Friday, 5 December 2008

Out on the Common with Wild Mind


Remembrance Sunday has gone and now we are deep into Autumn. The trees in London’s forests and parks have turned red and the air is crisp as I trot across the Common to the gym. I am deep in thought as I struggle across frost-encrusted grass and prickly gorse, for I am struggling with my novel at present. Everything in me wants to stay at home and sit by the laptop, battling. Yet, this is the worst thing I could do. Sometimes you have to walk away from your writing to walk deep into the heart of what you’re trying to say. As I come out from behind a tree I startle a deer – a magnificent stag. Because I am thinking about my hero Thomas and his battle to find himself, I’m not really looking where I’m going. I just blundered into his territory, a great, flat-footed human, not looking, not thinking. I must have come between the stag and his ladies, for he stands his ground and barks at me. This is dangerous stuff, potentially, but I don’t even notice because I am deep in the untamed, the wild mind. We look at each other. I see something in him, something that can never be broken. He bounds away. I run the last ten minutes to the gym.

Jennifer Pittam is a guest blogger on Eric Maisel's 'Living Creatively'website. Follow her column, 'London Calling': http://ericmaisel.blogspot.com/

Sunday, 23 November 2008

I Remember Very Well...


Well! I've come first in the Coast to Coast writing competition, October 2008. My short story, 'I Remember Very Well' was written for Armistice Day, and it was a real boost to have this little bit of success. It's true that success in anything is a series of tiny little efforts, one after the other. Some of them aren't easy. In fact, some of them aren't welcome. The Remembrance Day events were beautifully done this year - the lines of soldiers straight, the brass on the uniforms sparkling in the sun and entire new generations marching or mourning in silence. Some came to remember loved ones who died in Iraq, and some to honour a grandfather or great-uncle lost in one of the world wars. Rows of men and women, people who had to take one little step after the other, mourning a loved one. In bereavement as in writing, in sadness as in joy, it's one step at a time.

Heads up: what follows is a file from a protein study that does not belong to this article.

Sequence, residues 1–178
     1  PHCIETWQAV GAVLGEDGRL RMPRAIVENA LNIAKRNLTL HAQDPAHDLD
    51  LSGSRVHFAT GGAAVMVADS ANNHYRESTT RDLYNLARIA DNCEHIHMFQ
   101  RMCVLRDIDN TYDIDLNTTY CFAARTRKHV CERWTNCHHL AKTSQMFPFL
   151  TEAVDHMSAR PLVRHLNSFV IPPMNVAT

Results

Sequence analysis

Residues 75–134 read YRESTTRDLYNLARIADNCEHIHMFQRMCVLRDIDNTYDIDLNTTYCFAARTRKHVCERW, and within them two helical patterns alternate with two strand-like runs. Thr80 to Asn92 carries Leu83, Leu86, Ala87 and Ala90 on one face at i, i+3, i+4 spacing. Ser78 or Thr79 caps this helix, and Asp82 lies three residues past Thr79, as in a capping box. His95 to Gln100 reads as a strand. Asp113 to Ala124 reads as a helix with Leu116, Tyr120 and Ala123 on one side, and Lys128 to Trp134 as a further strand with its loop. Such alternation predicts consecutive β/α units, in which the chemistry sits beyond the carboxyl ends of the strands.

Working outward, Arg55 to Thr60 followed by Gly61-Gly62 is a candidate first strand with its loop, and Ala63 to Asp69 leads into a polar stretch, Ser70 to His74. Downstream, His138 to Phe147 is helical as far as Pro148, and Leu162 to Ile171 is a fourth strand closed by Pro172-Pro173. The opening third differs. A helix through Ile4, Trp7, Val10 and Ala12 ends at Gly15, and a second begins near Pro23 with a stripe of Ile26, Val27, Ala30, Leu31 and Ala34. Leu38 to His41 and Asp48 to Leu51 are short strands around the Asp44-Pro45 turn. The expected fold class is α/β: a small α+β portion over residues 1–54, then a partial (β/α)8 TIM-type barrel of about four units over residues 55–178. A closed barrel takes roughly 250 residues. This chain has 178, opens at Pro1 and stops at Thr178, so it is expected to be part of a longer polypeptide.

Sunday, 2 March 2008

Housman's Bookshop

This week I joined a new writers' circle, which meets in the bowels of Housman's Bookshop in Central London. The place is unheated and unbelievably cold even in this rather mild winter. As we huddled around a single bar electric fire I was, I admit, re-connected to the pre-centrally heated days of my childhood. Yet, there is something very focussing about sitting in semi darkness, coat pulled around your shoulders, munching custard creams and reading a chapter from your novel. When I listed to the others' stories, focussing a hundred percent because after all, what else can you do in semi darkness, I found myself utterly captivated by the different worlds they led me into. Call me old fashioned, but I wondered whether we've lost something precious, sitting here in the 21st century, enjoying luxuries our ancestors would have associated with the idle rich. Maybe I've turned into my mother after all.

Sunday, 24 February 2008

Critical Critiques


This week I got a scything comment on Chapter 10 from one of my critique partners. I took my poor battered manuscript into Trafalgar Square and sat by the fountain with a capuccino. Laboriously, I rewrote Chapter 10 while I sipped. I added lengthy descriptions, spelled out words any fan of historical fiction understands, and described scenes we covered in Chapter 9. Then, I drained my cappucino and did it all again, in my voice and with my sense of humour. Yes, I kept some of the changes, of course I did. Yet, when you write a novel you have, at some stage to trust that your reader enjoyed the earlier chapters, understood their content and like your characters. You have to act as if you believe it.